Make sure your work area is stocked with everything you need (pencils, glue, scissors, headphone, a ruler, and other supplies) before you get started.
This helps everyone stay on task and minimizes distractions.
Learn to Prioritize Tasks
School comes first, period.
Only after their school work is done can they move on to other tasks.
That being said, there may be a few exceptions.
Lunch obviously occurs in the middle of the day, even when school work hasn’t been completed. (Believe it or not, my son has tried to call me out on this. “But mooooommmmm, I thought you said we had to finish our school before we did anything else”.)
Or mom might need to go to the grocery store when it’s open to get something for dinner (although proper meal planning may have prevented this).
But in general, school comes before all other activities. To enforce this, I put a “school spin” on everything during the day.
My son needs a break after his morning class before he starts his homework? Maybe we switch gears to “science class” and play with blocks or cook something. Or he plays outside for 15-30 minutes and I’ll call it “PE”.
This reinforces the idea of school during the day – fun later.
But you have to learn to identify and prioritize school tasks as well based on their level of importance. This is our hierarchy- 1) live instruction, 2) upcoming assignments that are due, 3) daily reading/writing/math tasks, 4) optional assignments.
Write It Down
Check out my Daily Planner Printable I created for this purpose. It helps your little student visually plan out their day, understand time management, AND learn to tell time.
We write it all down. Yes, even lunch.
Be sure to let them cross it off when they’ve completed a task. Teach them that amazing feeling of accomplishment!
You’ll likely need to help them prioritize and write it down in the beginning. Gradually let your child help you more and more.
Pro-Mom Tip: Get a laminator NOW. Trust me. We’ve laminated our Daily Planner, school reference material, assignments, party supplies, and a million other things. It saves so much paper and ink since you can write with dry or wet erase markers, clean it off, and reuse over and over again.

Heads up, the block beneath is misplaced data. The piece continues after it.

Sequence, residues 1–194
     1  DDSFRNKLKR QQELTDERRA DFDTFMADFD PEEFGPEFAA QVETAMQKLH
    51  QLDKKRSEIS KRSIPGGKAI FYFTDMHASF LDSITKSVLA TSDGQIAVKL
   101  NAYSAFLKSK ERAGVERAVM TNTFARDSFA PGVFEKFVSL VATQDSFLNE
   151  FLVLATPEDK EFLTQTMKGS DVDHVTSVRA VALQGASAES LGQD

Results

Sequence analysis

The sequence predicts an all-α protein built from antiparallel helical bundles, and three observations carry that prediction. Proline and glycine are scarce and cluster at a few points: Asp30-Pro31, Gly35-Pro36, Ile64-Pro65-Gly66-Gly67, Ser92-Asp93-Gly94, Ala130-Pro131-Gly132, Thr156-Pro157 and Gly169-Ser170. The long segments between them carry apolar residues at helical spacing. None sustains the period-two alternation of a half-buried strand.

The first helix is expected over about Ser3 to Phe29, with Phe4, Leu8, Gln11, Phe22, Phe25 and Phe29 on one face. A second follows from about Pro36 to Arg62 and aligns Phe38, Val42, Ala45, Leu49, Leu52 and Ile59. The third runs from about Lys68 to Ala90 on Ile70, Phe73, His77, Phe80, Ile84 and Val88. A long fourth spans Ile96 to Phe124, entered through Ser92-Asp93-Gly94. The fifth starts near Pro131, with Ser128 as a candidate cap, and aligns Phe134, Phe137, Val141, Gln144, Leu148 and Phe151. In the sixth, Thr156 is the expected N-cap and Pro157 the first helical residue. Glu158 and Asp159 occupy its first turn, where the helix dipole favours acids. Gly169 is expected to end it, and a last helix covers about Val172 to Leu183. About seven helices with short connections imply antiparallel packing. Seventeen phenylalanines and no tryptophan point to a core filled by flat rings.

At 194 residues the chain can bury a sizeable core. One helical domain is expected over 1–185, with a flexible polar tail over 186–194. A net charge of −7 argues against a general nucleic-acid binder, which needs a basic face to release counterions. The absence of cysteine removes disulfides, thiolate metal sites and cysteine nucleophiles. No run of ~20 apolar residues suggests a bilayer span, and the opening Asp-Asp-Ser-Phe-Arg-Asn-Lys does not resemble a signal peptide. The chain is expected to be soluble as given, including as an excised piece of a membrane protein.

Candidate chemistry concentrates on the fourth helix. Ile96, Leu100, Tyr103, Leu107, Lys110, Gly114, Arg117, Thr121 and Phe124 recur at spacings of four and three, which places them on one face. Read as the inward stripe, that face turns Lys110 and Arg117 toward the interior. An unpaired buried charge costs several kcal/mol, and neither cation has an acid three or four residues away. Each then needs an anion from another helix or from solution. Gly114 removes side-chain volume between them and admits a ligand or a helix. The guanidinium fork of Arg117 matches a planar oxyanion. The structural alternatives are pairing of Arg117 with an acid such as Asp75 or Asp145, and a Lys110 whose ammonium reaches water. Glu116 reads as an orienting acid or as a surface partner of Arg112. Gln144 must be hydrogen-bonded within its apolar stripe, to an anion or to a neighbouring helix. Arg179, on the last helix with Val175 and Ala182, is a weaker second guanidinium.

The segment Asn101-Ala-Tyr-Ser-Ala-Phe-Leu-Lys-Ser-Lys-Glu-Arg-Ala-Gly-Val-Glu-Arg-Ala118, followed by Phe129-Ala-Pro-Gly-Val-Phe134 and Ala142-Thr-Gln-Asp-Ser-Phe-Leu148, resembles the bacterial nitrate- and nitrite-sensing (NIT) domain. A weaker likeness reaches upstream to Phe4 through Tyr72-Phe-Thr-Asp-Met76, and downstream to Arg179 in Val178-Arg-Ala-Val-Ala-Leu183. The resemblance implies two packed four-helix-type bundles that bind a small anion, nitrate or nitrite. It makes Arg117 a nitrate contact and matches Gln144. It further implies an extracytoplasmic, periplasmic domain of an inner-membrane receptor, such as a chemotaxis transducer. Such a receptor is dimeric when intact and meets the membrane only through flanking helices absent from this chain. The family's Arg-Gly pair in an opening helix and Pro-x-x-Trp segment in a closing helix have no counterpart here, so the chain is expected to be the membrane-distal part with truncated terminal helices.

When you’re planning out your day, be sure to allow for extra time – especially for the younger kids.
You want them to feel confident they were able to accomplish everything so they feel the benefit for themselves. It’s imperative you set realistic goals and time limits when working on time management for elementary students.
Break Up Big Tasks
For larger projects and assignments, break them up into smaller and manageable chunks.
I’ll admit, sometimes I feel ridiculous doing this. Over the summer, my son has been making a “robot” out of cardboard boxes. It’s a project that has involved a lot of gluing. Every day we’ve been allowing time to work on another part of the robot.
For school assignments, think about how you would logically approach them and talk about that strategy with your child.
For instance, maybe they need to draw a picture and write two sentences (a common kindergarten assignment). You could start by brainstorming what to draw/write about. Then you could draw a preliminary picture, write the sentences, and add details to the picture as indicated.
Based on the size of the task, it may be something you plan to work on over two or more days. Make sure you look at when assignments are due and work backward so you have enough time.
Plan Out Fun
Since you’ve prioritized school tasks, write those down on your Daily Planner first.
Then ask your child what they want to do after that. It’s important to let them choose so they have an incentive to finish their work.